In the classroom, the teacher’s job is to help children make sense of the rules of language, digging deep into grammar, text types, writing styles, vocabulary, and all the other elements that going into developing the knowledge and skills necessary to be literate.

When those children step into the Library, what the Teacher Librarian really wants is to see those children dive joyfully into a wide variety of books and come back up grinning with delight at the treasures they found inside.

Picture taken from the poster of Rights of the Reader

Perhaps this week the theme is to challenge themselves to explore two new genres – the TL will remind the students how to search the catalogue by subject, and suggest more titles that might intrigue them.

Other students are looking for information on their favourite animal, or tv show, or arguing about the status of Pluto – the TL will steer them towards the tools they need to find what they want.

Sometimes though it is a bit trickier – what about the child who at 9 years is still reading like a 6 year old? He needs simple but interesting books that don’t look babyish, because he’s ashamed of how far behind he is and is worried about being teased. Or the child who at 10 years can decode just about any book you put in front of him – he isn’t old enough for the themes in most YA fiction, but the majority of books written for his age group are too easy to engage his attention.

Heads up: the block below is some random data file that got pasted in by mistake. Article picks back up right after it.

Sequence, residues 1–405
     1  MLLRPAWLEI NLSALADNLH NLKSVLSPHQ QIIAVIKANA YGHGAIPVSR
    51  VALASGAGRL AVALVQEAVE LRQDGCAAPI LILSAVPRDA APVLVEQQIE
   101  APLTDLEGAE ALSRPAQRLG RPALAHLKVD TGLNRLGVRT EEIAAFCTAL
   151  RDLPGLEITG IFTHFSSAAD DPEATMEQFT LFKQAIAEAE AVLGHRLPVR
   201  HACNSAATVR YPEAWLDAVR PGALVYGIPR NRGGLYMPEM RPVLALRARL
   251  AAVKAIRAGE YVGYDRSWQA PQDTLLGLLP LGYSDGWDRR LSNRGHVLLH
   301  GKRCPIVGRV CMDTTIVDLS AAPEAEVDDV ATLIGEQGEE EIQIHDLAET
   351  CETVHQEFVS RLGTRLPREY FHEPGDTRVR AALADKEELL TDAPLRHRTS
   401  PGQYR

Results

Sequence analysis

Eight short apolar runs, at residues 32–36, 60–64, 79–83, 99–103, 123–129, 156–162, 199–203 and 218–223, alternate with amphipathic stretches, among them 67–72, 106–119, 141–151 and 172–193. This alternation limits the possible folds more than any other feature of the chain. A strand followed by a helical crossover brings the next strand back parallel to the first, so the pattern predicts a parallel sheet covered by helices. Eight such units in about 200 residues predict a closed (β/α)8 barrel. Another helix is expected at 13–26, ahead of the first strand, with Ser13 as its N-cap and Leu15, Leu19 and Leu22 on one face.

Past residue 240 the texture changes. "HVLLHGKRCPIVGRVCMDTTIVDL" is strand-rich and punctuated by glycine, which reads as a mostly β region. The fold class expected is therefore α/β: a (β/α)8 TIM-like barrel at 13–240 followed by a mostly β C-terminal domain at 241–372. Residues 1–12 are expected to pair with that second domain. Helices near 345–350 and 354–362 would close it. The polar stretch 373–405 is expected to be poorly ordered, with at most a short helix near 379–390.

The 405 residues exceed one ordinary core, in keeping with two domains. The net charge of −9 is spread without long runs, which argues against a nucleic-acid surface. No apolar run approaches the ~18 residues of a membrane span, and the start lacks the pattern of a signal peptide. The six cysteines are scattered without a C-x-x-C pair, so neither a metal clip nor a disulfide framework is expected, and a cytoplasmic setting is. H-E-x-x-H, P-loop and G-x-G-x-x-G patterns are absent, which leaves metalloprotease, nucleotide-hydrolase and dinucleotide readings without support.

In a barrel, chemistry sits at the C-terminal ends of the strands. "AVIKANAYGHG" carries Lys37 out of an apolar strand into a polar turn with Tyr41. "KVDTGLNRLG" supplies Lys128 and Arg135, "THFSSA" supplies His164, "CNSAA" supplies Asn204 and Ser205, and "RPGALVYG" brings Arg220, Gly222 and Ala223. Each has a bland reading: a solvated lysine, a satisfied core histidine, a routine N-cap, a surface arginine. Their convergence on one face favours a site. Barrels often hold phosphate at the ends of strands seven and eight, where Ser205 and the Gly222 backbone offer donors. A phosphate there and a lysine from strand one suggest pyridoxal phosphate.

This is where TLs and classroom teachers work together, talking about the needs of their students and looking for books that will help both the struggling and the exceptional students become confident, eager readers who see books as a source of entertainment and delight.

Finally, I think it is fitting to include The Rights of the Reader, a beautiful book by Daniel Pennac, with an equally delightful poster illustrated by Quentin Blake.

The right of the individual to decide how to be a reader – that’s the whole point, really.

Sometimes the simple things…

Sometimes you have a lesson that is perfect just because it taps into the most basic needs and interests of your students. No technology, no complicated set-up, just pure engagement.


Today I taught one of those lessons with my Prep and Year 1 classes. These boys are mostly nice children, although there are a few in there with poor social skills or impulsive behaviour that can interrupt carefully-planned activities. Many of these children are still learning to read with any fluency, and cannot write long pieces of text. Therefore a lot of our response-to-literature activities include drawing, colouring, matching images to words, those sorts of things.